I did try that, but there isn't really enough clamping pressure to counteract rotation for what I what to do. Yes I can use two, but then that's inconvenient!

I also tried the same thing with an f clamp. That works. But it's inconvenient to have to adjust it under the bench (at least with my setup)

yes - convenience is important to me :)
 

memzey

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I’ve got a couple of the Woden variants that are like the original Records. They work well enough but I’d like to find a source for the metal collars that sit in the bench top. Any ideas on where they might be found?
 

AndyT

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Bit of a digression, but as the question of collars has come up twice, I'd like to ask if they are really needed? I've not used a Record/Woden holdfast that has one, so might be missing something, but as far as I can see they work like the old one piece version, by wedging against the sides of an oversized hole.
So do they work with no collar?
If the collar only serves to stop the rim of the hole getting mashed up, would a bit of conduit do instead, or even a bit of plastic overflow pipe, glued in place?
 

Benchwayze

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woodbloke66":182wkha3 said:
I use the original Record version with the small tommy bar and it sits in an iron collar in the bench top. Never had any problems with it but I sometimes wish I could fit another couple of collars somewhere on the bench top - Rob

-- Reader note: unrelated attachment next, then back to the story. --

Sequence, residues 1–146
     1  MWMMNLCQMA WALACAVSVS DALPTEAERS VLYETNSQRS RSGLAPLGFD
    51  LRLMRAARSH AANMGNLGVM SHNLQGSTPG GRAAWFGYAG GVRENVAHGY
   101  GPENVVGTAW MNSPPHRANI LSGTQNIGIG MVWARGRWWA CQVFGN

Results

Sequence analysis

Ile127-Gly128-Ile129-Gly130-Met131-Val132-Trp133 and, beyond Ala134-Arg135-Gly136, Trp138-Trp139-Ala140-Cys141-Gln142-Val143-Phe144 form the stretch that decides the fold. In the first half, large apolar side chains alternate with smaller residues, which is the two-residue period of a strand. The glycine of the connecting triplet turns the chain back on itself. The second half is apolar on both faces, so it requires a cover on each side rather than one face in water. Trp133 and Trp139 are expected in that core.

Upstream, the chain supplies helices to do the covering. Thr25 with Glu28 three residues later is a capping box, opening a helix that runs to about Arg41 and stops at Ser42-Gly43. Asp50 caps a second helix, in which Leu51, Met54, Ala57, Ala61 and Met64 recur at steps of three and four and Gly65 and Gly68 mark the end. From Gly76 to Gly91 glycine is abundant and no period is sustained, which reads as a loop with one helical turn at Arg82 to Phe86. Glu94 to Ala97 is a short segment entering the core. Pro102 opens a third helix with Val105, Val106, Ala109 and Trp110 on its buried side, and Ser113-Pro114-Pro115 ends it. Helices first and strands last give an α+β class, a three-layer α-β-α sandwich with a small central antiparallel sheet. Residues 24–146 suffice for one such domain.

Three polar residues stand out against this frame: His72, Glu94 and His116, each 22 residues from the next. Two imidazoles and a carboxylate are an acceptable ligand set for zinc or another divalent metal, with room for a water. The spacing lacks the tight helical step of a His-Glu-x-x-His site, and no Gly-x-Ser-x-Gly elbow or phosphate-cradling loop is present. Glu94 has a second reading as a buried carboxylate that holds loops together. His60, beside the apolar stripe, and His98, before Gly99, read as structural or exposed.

Why can you not do this Rob? I would have thought you would know a metal worker who could make you some collars. :?:
 

woodbloke66

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Benchwayze":ak89jw02 said:
woodbloke66":ak89jw02 said:
I use the original Record version with the small tommy bar and it sits in an iron collar in the bench top. Never had any problems with it but I sometimes wish I could fit another couple of collars somewhere on the bench top - Rob
Why can you not do this Rob? I would have thought you would know a metal worker who could make you some collars. :?:
That's true John, but unfortunately my old pal Pete Newton (Newt of this parish) who used to do odd bits n'pieces of metalwork for me (and others btw) passed away a few years ago. In fact, he was a superb metalworker; you could eat your dinner of the bed of his Myford, which was actually heated and kept under a cover. Some years ago, he was distinctly grumpy with the then 'Y'-Levers supplied with Clifton planes...so he machined his own out of a block of solid brass! He retired from the MoD at the top of his game, being the Director of Boscombe Down, the aircraft establishment just off the A303 at Amesbury. A great bloke and much missed - Rob
 

memzey

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They do work without the collars Andy. As you say though, using them in that way does make a mess of the bench top. I haven’t been too bothered up to now but wondered if an easy option existed to have proper collars.